As soon as I knew what I was going to write about, I began with setting, for I instinctively knew that everything has to happen somewhere. The locale I would write about was, of course, the valley that is home to me.
I love our mountains. I love the canyons, cut between hills that seem to roll over upon themselves like bread dough being kneaded. I love the smell of sage, manzanita, yucca, and wild lilac. I love the way morning mist plays over those warm springs that still exist in large numbers beneath the surface of the earth. I love it when winter rains swell the creeks where I waded as a child. I love the sycamores with their spotted, twisted trunks and big leaves that rustle in the wind. And I love the north wind — the Santana –that arrives with a lusty howl and makes the air so clear that I can reach out and trace the mountain shadows with my fingertips.
So did Emmy, my thirteen-year-old heroine. She loved it all as much as I did. I let her live on an island in Lytle Creek, much as my own great-grandmother had lived. I let threatening flood waters pour down the canyon. I sat with her as she picked flowers in the sunshine. I felt her sorrows and her gladness.
Other characters, however, had different feelings about the place they lived. Tawny Crawford, the villainous character from Straight Along a Crooked Road, who was removed from the wagon train, only to appear again on the lawless streets of early San Bernardino, saw the valley as a chance to become powerful. Moss Murphy, a mountain man I had become fond of, saw it as a haven for himself and his Indian wife. Luanna, Emmy’s sister and the heroine of book one, found that the valley was the happy end of her journey.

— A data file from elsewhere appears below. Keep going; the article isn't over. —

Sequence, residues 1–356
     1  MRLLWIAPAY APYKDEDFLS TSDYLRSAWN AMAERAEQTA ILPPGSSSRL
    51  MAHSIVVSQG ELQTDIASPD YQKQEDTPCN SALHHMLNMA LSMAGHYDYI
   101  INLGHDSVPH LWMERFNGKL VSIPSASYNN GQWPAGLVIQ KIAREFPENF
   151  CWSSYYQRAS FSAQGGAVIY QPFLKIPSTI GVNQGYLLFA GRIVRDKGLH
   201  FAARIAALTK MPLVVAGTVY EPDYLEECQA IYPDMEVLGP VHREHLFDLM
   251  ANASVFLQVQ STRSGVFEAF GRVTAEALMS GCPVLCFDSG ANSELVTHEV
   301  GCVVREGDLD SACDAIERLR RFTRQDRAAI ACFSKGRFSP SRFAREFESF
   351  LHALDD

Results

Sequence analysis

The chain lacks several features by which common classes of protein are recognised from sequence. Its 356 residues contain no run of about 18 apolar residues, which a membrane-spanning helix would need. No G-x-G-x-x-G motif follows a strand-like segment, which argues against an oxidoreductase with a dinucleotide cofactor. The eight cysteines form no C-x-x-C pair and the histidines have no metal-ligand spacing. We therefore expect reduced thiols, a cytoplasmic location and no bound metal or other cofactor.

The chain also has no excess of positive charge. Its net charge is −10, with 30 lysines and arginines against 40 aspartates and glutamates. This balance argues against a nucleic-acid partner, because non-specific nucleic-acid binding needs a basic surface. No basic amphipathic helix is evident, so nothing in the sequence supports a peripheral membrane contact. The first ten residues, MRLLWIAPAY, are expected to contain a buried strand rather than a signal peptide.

After I decided who was going to be in the book, I did what all good authors do. I sat back and listened. I wrote pages of description, narrative, and dialogue, and I listened some more. At last I heard my characters speak in their own voices. This is what finding your historical voice is all about — feeling the way into your characters and discovering how different they all sound.
There is no one single historical voice in a book — even though I felt closest to Emmy, my heroine, and heard her voice most often. There are many voices. A unique one for each character.
My characters respond strongly to the place — the setting in which they find themselves. It influences their actions, their decisions, their dreams. Sometimes I sit with my eyes closed, my fingers on the keyboard, and let them guide me.
If I write a third part to this series, it will be about character development in historical fiction. But for now, let the voices ring out!
Submitted by Marilyn Donahue